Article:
Optionals also help make the alternatives slightly prettier. Suppose you wanted to default the value if the array was empty. Instead of this:

array.count > 0 ? a[0] : somedefault

you can write this:

array.first ?? somedefault

This is nicer in several ways. It puts the important thing up front: the value you want is how the expression starts, followed by the default. Unlike the ternary expression, which hits you first with the checking expression, followed by the value you actually want, then finally the default. It's also more foolproof – much easier to avoid making a typo, and impossible for that typo to result in a runtime explosion.

Take another example: the find function. This checks if a value is in a collection and returns the index of its position. But the value may not be present in the collection. Other languages might handle this by returning the end index (which doesn't point to a value but rather one past the last value). This is what's termed a "sentinel" value – a value that looks like a regular result, but actually has special meaning. Like the previous example, you’d have to check the result was not equal to the end index before using it. But you have to know to do this. You have to look up the docs for find and confirm that's how it works.

With find returning an optional it's just natural, when you understand the optional idiom, to realize that the reason it does is because the result might not be valid for the obvious reason. And all the same things about safety mentioned above also apply – you can’t accidentally forget, and use the result as an index, because you have to unwrap it first.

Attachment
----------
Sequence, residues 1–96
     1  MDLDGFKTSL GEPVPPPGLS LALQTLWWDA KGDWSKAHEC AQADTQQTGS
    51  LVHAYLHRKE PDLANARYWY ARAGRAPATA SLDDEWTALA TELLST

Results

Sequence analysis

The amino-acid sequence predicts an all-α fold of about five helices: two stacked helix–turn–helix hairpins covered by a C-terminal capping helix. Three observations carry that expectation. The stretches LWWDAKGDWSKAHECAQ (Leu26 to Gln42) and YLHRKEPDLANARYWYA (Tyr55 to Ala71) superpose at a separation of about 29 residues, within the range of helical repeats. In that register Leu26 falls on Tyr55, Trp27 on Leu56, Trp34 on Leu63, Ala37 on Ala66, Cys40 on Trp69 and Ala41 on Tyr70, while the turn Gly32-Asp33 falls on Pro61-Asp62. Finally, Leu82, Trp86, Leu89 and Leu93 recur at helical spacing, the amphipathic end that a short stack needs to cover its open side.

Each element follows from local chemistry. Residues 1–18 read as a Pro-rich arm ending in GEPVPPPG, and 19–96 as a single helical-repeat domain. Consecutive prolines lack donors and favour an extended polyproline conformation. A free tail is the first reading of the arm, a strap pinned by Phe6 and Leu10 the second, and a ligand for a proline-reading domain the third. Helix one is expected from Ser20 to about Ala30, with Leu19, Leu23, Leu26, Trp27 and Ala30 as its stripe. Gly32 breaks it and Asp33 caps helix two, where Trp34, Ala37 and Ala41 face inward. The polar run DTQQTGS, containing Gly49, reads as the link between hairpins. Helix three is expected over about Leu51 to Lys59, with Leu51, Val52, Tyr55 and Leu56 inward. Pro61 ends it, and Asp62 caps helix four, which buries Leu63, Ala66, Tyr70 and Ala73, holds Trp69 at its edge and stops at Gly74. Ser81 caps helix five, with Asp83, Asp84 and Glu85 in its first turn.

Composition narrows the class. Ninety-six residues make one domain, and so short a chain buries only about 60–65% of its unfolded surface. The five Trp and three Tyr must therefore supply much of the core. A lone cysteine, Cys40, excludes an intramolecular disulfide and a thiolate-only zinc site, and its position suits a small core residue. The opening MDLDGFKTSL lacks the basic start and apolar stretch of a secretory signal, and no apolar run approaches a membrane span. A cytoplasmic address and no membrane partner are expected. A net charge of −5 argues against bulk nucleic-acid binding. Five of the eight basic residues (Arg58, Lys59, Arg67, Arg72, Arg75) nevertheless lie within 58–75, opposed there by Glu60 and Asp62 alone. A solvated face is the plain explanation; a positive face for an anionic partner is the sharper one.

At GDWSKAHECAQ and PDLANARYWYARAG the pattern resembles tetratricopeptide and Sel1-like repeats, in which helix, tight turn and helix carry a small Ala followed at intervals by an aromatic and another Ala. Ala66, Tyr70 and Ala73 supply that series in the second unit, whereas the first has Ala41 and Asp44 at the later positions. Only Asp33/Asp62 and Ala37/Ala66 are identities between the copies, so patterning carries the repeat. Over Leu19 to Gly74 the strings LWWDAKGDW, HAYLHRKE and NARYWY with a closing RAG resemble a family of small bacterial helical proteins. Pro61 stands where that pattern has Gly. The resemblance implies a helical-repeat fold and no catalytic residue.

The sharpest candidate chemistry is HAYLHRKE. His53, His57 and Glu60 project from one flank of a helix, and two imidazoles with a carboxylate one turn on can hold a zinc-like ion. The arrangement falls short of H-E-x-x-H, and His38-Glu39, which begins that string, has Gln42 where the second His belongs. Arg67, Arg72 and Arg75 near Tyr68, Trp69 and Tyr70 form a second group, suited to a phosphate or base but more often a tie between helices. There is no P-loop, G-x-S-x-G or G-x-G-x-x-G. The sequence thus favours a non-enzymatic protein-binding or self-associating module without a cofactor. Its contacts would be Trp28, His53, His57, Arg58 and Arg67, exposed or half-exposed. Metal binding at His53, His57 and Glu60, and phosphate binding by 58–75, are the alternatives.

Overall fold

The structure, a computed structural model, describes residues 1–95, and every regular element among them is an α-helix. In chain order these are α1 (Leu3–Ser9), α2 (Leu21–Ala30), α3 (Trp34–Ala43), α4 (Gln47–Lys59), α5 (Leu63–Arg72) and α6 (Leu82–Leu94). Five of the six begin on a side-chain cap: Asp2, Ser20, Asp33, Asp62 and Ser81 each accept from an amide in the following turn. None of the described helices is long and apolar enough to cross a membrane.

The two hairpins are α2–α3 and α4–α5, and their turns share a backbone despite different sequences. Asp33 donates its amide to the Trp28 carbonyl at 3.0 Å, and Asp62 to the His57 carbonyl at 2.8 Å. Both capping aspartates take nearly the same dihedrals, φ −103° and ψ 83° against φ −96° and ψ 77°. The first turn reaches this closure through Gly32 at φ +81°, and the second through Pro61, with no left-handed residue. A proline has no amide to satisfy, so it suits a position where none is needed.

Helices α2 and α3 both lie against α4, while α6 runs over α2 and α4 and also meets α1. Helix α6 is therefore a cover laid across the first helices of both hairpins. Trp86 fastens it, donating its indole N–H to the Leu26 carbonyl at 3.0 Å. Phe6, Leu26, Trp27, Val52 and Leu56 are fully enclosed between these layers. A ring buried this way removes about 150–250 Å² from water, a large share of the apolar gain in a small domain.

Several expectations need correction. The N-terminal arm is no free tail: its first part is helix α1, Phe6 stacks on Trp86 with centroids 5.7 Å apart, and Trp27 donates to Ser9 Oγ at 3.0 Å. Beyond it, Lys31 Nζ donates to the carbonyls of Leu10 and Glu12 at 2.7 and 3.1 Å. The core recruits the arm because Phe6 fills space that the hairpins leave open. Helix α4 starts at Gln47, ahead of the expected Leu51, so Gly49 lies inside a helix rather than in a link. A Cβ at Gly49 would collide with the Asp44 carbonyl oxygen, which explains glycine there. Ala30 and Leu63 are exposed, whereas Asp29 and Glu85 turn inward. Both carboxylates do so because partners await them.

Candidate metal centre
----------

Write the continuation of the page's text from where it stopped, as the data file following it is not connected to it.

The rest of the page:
That said, you can over-use optionals as they are a burden to have to check. This is why array subscripts don't return optionals – it would create so much hassle to have to constantly check and unwrap them, especially when you know for a fact that the index you're using is valid (for example, you're in a for loop over a valid index range of the array) that people would be using ! constantly, and thus clutter their code without benefit. But then the helper methods like first and last are added to cover common cases where people do want to quickly do an operation without having to check the array size first, but want to do it safely.

(Swift Dictionaries, on the other hand, are expected to be regularly accessed via invalid subscripts, which is why their [key] method does return an optional)

Even better is if the possibility of failure can be avoided altogether. For example, when filter matches no elements, it doesn’t return a nil optional. It returns an empty array. “Well obviously it would”, you might say. But you’d be surprised how often you see someone making a return value like an array optional when actually they just ought to return an empty one. So you’re completely correct in saying you should avoid optionals except when they’re necessary – it’s just a question of what necessary means. In the examples above I’d say they’re necessary, and a better solution to the alternatives.

  • 11
    This is a really thoughtful, in-depth, on-point answer, and I appreciate your taking the time to spell it out with actual use cases as to when or when not optionals make sense. Thanks!
    – Ivan X
    Dec 23, 2014 at 19:58
  • 4
    Fantastic stuff. You should probably write a swift blog or something ;)
    – jrturton
    Dec 24, 2014 at 16:53
  • I actually writes a custom filter function that returns optional arrays. You busted me on that one. :D Jun 9, 2017 at 3:37

Or am I supposed to just use optionals, and if that's what I'm doing, how is it any better than simply having null assignments to object references like other languages have?

If your computation may need to return an “special” value, then yes, in Swift you are supposed to use optionals. They are better than nullable types because they are explicit. It’s easy to miss a case where a pointer might be nil, it’s much harder (but entirely possible) to screw up with optionals.